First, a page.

Automatic transmission needs little maintenance other than regular checking of the transmission fluid level.
Most failures are caused by a level drop through evaporation or leakage (see checking the transmission fluid level, drain and injection), or because the engine is idling at such a speed that is incorrect when you check the level.
Check in the car handbook which particular fluid should be used for your car. Topping up with the wrong fluid can damage the transmission. (In some smaller automatic gearboxes, such as those used in BL cars, the transmission fluid is the same oil as that which lubricates the engine, and is drawn from a common sump.)
Keep the liquid out of the test paper. Do not install too much may lead to overheating.
The sump and the ventilating grilles on the torque-converter housing can easily become blocked or mud covered, and this leads to overheating. Check and clean them at each service.
Checking the fluid level
The transmission fluid level is best checked when the engine is at normal running temperature. After a 5 mile run, park on level ground and apply the handbrake.
With the engine idling, move the gear selector lever at least three times through all positions. Set it in the ‘P’ (park) position and let the engine idle for two minutes.
Before removing the dipstick, wipe round it with a clean cloth to stop dirt entering the gearbox.
With the engine idling, remove the test paper, wipe clean, no fluff cloth. Gently replace it so that it does not force the fluid back up the ruler so give a false reading. Immediately withdraw it and check the level.
Check the fluid on the dipstick for specks of dirt or metal — both indicate wear. If there are any, get expert advice as soon as possible, before the repair becomes very expensive.
Especially in old cars, check the color of the liquid against the color of the new liquid. If a red liquid darkens or darkens, it indicates that the economy is overheated and the liquid should be changed.
Topping up, draining and refilling automatic transmission fluid
Top up the fluid levels through the dipstick tube, using a small funnel. Add a little at a time and check the level frequently to avoid overfilling.
The difference between the low and full marks on most transmission dipsticks is about 1/2 litre (about 1 pint). So if the reading is midway between them, about litre pint) is needed.
If you have the highest liquid level, and the engine is cold, fill 1/2. (13 mm) below the test strip. Otherwise it will overheat at normal operating temperatures, which can cause overheating.
Check the level again at normal running temperature.
Some car handbooks recommend draining and refilling automatic gearboxes at certain fixed mileages.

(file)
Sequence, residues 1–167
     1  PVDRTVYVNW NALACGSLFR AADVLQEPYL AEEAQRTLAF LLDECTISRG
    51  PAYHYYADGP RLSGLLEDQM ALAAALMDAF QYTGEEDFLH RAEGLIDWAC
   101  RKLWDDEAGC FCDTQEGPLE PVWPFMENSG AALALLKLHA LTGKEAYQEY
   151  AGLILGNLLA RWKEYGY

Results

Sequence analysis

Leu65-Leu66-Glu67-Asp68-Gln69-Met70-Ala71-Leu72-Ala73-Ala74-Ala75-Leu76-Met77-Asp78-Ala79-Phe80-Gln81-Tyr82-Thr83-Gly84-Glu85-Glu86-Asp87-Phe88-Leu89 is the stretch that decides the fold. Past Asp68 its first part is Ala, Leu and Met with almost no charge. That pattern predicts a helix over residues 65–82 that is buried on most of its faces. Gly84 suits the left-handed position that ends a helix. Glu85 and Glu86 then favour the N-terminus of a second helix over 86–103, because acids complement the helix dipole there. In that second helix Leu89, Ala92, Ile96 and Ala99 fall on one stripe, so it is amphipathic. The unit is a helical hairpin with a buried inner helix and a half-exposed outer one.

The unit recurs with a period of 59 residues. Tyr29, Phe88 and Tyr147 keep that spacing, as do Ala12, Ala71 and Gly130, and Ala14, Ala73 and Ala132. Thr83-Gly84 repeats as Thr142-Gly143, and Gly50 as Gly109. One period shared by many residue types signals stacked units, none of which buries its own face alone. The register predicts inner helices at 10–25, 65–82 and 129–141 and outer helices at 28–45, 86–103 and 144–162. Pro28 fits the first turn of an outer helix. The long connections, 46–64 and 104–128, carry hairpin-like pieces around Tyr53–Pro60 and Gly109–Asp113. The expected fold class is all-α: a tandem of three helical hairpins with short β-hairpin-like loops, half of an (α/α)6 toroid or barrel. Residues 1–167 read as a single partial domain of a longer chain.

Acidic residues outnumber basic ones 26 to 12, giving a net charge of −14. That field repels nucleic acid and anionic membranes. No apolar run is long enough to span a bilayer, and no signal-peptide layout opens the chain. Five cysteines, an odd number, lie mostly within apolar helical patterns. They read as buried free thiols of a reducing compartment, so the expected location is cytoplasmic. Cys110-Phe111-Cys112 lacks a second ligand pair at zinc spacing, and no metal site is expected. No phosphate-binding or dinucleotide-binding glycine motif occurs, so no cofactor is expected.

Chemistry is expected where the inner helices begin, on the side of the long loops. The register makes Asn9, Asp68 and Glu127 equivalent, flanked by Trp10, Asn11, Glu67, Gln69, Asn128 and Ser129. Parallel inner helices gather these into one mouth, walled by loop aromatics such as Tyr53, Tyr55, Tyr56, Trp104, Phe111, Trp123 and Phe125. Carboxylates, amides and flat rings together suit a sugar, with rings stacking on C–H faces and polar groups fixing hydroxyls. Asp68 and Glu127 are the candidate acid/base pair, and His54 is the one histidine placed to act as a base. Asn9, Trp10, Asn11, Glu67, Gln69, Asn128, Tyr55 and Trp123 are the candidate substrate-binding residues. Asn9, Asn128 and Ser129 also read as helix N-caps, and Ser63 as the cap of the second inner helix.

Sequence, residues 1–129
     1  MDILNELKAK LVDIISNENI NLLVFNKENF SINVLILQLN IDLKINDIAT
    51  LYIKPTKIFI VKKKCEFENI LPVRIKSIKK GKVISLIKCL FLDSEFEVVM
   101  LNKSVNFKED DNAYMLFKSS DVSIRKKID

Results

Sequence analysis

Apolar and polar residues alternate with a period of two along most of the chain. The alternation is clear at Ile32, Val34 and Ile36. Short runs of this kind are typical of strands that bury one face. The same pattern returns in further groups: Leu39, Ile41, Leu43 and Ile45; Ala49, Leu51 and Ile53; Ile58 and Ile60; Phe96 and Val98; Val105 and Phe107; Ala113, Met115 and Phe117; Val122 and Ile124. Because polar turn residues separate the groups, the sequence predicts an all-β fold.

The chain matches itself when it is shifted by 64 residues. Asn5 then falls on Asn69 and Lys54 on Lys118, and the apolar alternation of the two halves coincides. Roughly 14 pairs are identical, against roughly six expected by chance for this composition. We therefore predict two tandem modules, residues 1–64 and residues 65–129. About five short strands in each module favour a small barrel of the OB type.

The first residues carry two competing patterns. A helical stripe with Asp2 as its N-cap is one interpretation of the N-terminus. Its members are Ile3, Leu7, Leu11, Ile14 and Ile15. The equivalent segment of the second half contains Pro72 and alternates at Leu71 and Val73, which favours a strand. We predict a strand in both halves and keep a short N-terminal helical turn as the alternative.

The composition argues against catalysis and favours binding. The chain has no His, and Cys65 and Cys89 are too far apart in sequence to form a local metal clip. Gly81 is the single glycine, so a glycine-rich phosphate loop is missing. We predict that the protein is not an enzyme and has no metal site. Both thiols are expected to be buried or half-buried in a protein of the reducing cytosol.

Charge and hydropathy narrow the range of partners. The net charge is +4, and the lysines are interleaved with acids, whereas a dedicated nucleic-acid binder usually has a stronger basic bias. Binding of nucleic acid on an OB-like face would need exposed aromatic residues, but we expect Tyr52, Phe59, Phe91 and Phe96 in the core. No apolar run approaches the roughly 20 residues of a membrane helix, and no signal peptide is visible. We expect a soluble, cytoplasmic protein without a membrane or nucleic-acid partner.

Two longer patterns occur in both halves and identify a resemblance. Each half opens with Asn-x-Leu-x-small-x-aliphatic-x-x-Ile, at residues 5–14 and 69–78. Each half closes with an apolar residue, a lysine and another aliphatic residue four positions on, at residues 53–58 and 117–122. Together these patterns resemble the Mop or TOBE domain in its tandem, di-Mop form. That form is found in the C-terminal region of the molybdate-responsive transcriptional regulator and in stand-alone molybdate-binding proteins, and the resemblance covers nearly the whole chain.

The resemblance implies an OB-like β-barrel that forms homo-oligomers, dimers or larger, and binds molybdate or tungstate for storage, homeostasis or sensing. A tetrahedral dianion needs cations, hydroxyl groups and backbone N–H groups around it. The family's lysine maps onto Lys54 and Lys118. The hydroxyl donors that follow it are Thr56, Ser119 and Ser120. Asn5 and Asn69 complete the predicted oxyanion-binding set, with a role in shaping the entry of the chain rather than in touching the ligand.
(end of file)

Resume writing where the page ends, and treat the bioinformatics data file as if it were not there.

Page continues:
However, most automatics fitted to recent and current cars do not need regular draining, and do not have a drain plug.
Drainage is a very difficult and trivial task that requires removal of the foot tube and gearbox oil pan, the task requires cleanliness of the working conditions and garage facilities. Follow the manufacturer’s recommendations in the car manual or service manual.
The smaller automatic gearboxes do have drain plugs, and the fluid must be changed at the intervals recommended in the car handbook.
Those fitted to BL cars, which use the same oil as the engine, receive fresh oil when the engine oil is changed. Others, such as those fitted to some VWs and Renaults, have their own separate fluid supply.
The transmission should be drained while the fluid is at normal running temperature. Take care: it will be hot enough to cause serious burns.
In most cases, draining must be done with the car raised and supported securely on axle stands or ramps and with the handbrake on.
Place the drain tray under the sump, and undo the plug, keeping your hands and arms clear of the hot oil when it gushes out.
When all the oil has dried up, replace the drain plug and add the recommended liquid or oil type manual or service manual.
Refill with the quantity recommended, and drive the car until the new fluid is at normal operating temperature, then check the level again and top up if necessary.
It is important not to waste the old liquid and pollute the water. Ask your local commission to locate the nearest oil handling dump and take it there.
How to avoid overheating
How to tow an automatic car
Cars fitted with modern automatic gearboxes must not be towed for a distance of more than about 15 miles. The towing speed must also be kept under 30 mph (50 kph).
The reason for these limitations is that the internal fluid pump gearbox, driven by the engine, does not work when the engine is not running.
When the car is being towed, therefore, the box is not lubricated or cooled.
If the car is trailing more than 15 miles – in the event of a malfunction, for example, raise the drive shaft to drive the wheel or disconnect or drive the shaft.
If the car is towed by a garage or fault recovery service, make sure they know the car’s automatic transmission, but they do not drag too big or too fast.